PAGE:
Necessity Still Breeds Ingenuity - Archive of SQUALL MAGAZINE 1992-2006

Al-Quds, West Bank

International solidarity activist, Sarah Irving, sent this dispatch back to SQUALL from the West Bank

2pm, Sunday, August 4th 2002

One minute we're sitting quietly in the office, just trying to get started on some proper work, then there is the sound of small-calibre gunfire, a kind of flat popping. A call from M tells us a few minutes later that there is something big happening down by Damascus Gate. So H, S and I all go into mad mode and leg it down there.

Five minutes later, chaos reigns down there. Crowds of Palestinians heading towards the gate are being forced back by heavily-armed police, some of them mounted. We can't get to within about 150 yards of the gate, and all we can see and hear above the chaos are sirens, and ambulance and police van lights. H and S disappear off somewhere and I pretty much stick with the Shebab who are craning over the railings to try and see what's going on without being in the charging line of the police horses. At one point, though, this is insufficient to keep them fully safe, as a policeman leans over the railings and starts using his horsewhip on the faces of the young men. He pulls back when he spots this interfering white girl in the middle of things. A troop transport pulls past, carrying about 20 soldiers to add to the dozens of police already there (remember that here police routinely carry automatic rifles and sub-machine guns). The soldiers reinforce police efforts to drive all the Palestinians down my end of things further and further up the road. In the course of this, I watch them - and try to intervene slightly - as they bully and harass people. A heavily pregnant woman is made to stay standing in the sun. A man who tries to argue that he needs to pass has his id thrown into the dirt; as he kneels to pick it up the soldier kicks it further away and then a third time. An obviously seriously mentally handicapped guy who is also using a stick to walk is pushed around and falls twice. Several young men and a boy of maybe 11 trying to haul a vegetable cart out of the way are punched, hit and hauled around.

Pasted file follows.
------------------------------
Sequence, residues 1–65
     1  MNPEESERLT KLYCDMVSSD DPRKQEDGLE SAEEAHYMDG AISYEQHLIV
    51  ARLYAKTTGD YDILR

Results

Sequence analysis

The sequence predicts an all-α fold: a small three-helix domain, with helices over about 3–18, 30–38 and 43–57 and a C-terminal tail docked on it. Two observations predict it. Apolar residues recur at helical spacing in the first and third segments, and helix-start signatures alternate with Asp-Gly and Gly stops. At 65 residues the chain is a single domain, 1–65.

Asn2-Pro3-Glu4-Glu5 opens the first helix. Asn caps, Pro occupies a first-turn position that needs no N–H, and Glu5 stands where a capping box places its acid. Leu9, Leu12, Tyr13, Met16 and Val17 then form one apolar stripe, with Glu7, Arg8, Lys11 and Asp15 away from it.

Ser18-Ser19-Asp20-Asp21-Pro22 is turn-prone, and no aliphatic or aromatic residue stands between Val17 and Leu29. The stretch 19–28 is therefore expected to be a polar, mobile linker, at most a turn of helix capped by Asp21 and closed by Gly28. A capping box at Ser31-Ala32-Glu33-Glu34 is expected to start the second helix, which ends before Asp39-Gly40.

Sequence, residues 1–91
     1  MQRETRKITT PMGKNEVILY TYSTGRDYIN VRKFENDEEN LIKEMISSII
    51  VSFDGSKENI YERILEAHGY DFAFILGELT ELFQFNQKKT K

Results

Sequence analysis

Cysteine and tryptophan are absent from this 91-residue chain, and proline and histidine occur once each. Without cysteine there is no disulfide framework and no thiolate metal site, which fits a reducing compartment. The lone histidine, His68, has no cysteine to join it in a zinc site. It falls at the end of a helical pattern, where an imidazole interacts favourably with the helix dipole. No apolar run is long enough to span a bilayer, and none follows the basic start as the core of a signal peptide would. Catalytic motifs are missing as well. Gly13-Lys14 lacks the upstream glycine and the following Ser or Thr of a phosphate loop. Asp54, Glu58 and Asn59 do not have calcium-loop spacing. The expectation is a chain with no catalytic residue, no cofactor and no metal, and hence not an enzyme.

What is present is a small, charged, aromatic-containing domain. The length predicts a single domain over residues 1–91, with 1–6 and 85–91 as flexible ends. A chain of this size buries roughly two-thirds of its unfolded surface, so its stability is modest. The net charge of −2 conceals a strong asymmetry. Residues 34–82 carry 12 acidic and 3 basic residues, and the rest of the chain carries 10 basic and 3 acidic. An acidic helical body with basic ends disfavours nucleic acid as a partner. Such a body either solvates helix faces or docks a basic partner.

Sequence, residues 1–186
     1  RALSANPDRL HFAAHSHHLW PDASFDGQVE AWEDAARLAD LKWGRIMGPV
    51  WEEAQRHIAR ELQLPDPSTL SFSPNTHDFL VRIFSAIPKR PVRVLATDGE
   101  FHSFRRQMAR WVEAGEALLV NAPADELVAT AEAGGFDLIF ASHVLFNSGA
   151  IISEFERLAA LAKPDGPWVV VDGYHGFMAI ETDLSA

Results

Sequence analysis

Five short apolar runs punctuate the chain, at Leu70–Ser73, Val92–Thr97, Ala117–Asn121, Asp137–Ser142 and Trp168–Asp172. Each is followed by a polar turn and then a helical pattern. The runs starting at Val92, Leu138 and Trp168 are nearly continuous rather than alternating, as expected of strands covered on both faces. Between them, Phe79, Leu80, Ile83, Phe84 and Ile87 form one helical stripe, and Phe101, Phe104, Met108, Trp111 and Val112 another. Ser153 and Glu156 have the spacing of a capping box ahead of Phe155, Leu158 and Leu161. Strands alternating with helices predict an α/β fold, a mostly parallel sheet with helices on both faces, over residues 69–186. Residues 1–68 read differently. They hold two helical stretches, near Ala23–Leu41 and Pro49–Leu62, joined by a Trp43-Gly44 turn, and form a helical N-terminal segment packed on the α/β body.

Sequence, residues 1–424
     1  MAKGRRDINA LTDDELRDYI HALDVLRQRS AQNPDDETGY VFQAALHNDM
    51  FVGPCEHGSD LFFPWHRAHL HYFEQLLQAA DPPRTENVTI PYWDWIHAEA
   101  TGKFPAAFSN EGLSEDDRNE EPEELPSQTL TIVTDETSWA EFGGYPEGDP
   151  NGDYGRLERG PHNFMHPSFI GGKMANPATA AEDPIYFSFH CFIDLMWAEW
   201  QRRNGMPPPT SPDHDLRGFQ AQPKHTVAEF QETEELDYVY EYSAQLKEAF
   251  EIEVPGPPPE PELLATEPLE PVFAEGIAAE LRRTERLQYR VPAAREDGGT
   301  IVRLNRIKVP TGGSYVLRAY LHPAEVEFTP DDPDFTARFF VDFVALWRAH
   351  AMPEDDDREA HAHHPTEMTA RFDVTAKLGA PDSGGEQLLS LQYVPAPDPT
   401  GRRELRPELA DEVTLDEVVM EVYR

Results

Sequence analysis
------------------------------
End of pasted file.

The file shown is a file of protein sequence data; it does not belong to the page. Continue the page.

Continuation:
Phone calls up to M and H round by the Faisal hostel, which overlooks Damascus Gate and is often crawling with internationals, reveal that all this stems from the fatal shooting of an Israeli border policeman by a Palestinian. The gunman and another Palestinian have also been shot dead, according to a later check at Ha'aretz online. Even after all the Palestinians are released at my end of things - one second they're being hit round the head by Israeli soldiers, the next they're just allowed to go, all of a sudden - they are still beating people and harassing them down there. A group of Palestinians being held in a shop are abruptly released. M is beaten and put in a necklock briefly by an Israeli army commander who has seen him before observing harassment at Damascus Gate and has taken a major dislike to him. H gets some of this on videotape. - see

As I walk back up to the office, shop-owners are looking grim and nervy but are starting to open their doors back up and remove the metal outer doors. I stop and look into a shoeshop at some shoes I've been letching at for weeks, and the owner comes out and invites me in for a cold drink (it's obscenely hot again today) and tells me about how his father was from Jaffa, where they had groves of orange trees and several shops, all gone. Replaced by incidents like today and being treated like a second-class citizen, and being forced to pay the outrageous taxes that are levied on east Jerusalemites by the Israelis, but without actually providing them with any of the services granted to the inhabitants of the west side of the city - including adequate electrical supplies and rubbish collection. This man, dignified and middle-aged, also tells me of his anger at the suicide bombing this morning. Like many Palestinians, he wants to see resistance to the Israeli occupation, but not in a manner which brings down so much more retribution onto so many others, perpetuating the cycle of violence which began in 1948 and escalated in 1967. The present Israeli regime needs Palestinian violence to continue, and by perpetrating the kind of brutalities that have been imposed in Nablus in recent days, it is making very sure that that will happen.

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